Talking Dictionary This Northern Pomo dictionary contains sound files of fluent speakers saying individual words. You can search for English words by typing them into the search box. All examples related to that word will then be shown below the picture.
In the example below, the user typed in the word "fish". Two entries were returned - "fish" and "little grilled fish."
The user then clicks on one of these and is taken to a sheet containing all the examples.
Each example contains a sound file that can be played by clicking on the arrow. In the example here, three speakers say the word for "knee." Each speaker's initials are listed next to the sound file. To learn more about the speakers, click here.
Phrasicon The Phrasicon contains examples of phrases and sentences, taken from recordings of three Northern Pomo elders who were fluent speakers.
The Phrasicon can be searched using English or using Northern Pomo.
You may have noticed that some entries in the Talking Dictionary contain a link in blue, that says "Example phrases (phrasicon)."
This link will take the user to a list of any examples in the Phrasicon that contain that word. For example, if you click the link in the entry for "water" (see below), it will take you to a page containing these examples in the Phrasicon.
You may also notice that some entries in the Phrasicon have Northern Pomo words containing a link in green. This link will take the user to the entry in the Talking Dictionary containing that word. For example, if you click the link in the Phasicon entry containing "xa" (see right), it will take you to a page with the entry for "water" in the Talking Dictionary.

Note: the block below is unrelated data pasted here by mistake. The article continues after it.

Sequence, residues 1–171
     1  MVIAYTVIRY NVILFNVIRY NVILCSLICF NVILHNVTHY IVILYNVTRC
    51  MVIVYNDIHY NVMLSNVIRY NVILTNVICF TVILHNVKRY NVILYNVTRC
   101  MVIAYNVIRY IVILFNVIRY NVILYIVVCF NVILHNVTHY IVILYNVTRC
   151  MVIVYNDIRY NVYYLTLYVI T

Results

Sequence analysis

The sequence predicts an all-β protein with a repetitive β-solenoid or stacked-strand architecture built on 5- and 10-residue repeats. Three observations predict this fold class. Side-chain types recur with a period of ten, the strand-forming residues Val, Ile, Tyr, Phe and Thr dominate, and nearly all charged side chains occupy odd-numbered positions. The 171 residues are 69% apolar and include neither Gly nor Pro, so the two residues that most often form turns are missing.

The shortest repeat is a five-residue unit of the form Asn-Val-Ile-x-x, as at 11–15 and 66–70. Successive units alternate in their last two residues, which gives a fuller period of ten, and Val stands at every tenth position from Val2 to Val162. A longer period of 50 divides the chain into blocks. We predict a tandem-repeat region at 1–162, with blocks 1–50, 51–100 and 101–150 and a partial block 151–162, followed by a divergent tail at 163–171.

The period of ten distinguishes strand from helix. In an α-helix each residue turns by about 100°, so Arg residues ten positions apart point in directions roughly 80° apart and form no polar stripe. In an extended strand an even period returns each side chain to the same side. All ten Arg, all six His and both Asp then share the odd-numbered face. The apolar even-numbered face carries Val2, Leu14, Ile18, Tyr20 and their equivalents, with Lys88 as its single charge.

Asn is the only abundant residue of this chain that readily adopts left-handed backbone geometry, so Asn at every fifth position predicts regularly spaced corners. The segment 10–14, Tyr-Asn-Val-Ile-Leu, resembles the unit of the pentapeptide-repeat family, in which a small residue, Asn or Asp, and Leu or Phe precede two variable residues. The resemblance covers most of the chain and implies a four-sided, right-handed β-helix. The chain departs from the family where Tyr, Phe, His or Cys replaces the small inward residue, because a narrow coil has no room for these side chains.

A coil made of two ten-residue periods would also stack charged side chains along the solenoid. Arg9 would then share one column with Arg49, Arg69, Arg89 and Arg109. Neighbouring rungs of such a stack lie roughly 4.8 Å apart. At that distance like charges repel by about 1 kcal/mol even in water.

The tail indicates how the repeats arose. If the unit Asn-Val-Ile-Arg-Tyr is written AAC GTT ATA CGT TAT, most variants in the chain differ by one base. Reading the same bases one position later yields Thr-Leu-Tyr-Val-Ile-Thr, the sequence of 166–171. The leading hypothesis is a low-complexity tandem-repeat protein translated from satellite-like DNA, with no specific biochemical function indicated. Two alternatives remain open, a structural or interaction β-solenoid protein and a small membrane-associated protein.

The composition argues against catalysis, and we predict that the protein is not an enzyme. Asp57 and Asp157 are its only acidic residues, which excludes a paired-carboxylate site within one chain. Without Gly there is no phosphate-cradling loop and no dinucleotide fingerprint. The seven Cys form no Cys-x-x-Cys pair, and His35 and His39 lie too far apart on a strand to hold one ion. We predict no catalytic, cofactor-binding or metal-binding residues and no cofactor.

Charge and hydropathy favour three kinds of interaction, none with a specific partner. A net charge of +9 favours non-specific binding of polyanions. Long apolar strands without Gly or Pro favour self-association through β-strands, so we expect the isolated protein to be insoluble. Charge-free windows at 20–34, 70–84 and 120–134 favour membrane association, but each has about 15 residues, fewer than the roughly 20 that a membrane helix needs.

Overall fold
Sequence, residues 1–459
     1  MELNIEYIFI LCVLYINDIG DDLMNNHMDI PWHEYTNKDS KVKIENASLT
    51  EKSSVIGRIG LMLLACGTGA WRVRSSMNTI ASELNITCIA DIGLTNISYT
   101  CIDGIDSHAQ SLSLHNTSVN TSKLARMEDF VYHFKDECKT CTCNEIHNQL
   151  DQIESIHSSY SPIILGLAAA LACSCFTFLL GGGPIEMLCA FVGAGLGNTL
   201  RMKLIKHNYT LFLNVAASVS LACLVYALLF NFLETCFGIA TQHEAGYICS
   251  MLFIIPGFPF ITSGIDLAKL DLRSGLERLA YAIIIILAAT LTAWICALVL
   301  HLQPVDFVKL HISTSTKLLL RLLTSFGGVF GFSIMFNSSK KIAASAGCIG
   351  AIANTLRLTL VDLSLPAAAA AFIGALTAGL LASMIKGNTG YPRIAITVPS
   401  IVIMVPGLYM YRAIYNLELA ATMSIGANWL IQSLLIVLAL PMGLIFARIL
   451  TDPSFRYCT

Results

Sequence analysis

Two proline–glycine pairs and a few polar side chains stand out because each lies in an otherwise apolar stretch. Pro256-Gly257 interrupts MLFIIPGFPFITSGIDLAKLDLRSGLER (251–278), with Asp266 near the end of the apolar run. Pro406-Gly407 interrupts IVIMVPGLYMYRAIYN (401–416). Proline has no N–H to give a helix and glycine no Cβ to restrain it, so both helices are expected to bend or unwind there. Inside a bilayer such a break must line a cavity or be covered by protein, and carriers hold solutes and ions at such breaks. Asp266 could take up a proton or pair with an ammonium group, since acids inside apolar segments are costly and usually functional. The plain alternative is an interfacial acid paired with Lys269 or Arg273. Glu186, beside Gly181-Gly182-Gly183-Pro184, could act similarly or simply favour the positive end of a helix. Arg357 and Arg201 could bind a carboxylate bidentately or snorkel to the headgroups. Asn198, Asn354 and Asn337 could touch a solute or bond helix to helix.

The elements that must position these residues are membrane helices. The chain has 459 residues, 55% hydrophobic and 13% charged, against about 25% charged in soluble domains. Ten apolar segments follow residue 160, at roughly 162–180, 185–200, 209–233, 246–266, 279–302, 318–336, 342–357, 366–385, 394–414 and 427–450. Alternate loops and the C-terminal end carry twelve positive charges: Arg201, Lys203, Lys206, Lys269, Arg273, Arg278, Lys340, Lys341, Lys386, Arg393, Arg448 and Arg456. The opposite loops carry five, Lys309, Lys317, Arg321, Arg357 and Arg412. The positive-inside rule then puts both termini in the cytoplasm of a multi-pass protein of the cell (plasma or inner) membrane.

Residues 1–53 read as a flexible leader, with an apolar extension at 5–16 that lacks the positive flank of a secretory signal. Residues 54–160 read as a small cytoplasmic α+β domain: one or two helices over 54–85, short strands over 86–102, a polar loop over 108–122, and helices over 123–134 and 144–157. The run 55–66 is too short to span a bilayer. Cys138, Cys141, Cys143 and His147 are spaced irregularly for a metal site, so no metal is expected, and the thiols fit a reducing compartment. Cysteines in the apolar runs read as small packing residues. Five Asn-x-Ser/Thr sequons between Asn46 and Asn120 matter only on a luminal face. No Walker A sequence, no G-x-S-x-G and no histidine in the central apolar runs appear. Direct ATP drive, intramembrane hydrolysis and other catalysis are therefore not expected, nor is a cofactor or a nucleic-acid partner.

Stories and Texts This section contains videos that feature stories and texts as spoken by Edna Campbell Guerrero. Each video shows the words written in Northern Pomo, as she says them, along with the translation in English. Along with each video is a printable version of the text with the translation. For an example, click here.
Many thanks are due to all the individuals who contributed to this project. As stated above, these materials would not exist without the patience, kindness, good humor and hard work of the late Edna Campbell Guerrero and Elenor Stevenson Gonzales.
Gratitude is expressed to these individuals, who contributed their diligence and organizational abilities to the preparation and archiving of the Northern Pomo materials over the past ten years (in alphabetical order):
Amy Rose Deal
Many thanks to the following individuals, who have contributed their talent, creativity and hard work to the current website project (in alphabetical order):
The current project is supported in part by a grant from the NEH/NSF Documenting Endangered Languages program (FN-50107-12) to Catherine O'Connor, which is gratefully acknowledged. Previous grants from the National Science Foundation and National Endowment for the Humanities supported data collection in 1990s. Views expressed in this material are the work of the authors and do not necessarily reflect the views of the U.S. National Science Foundation or the National Endowment for the Humanities.
This material may not be sold and no charges may be made for its use.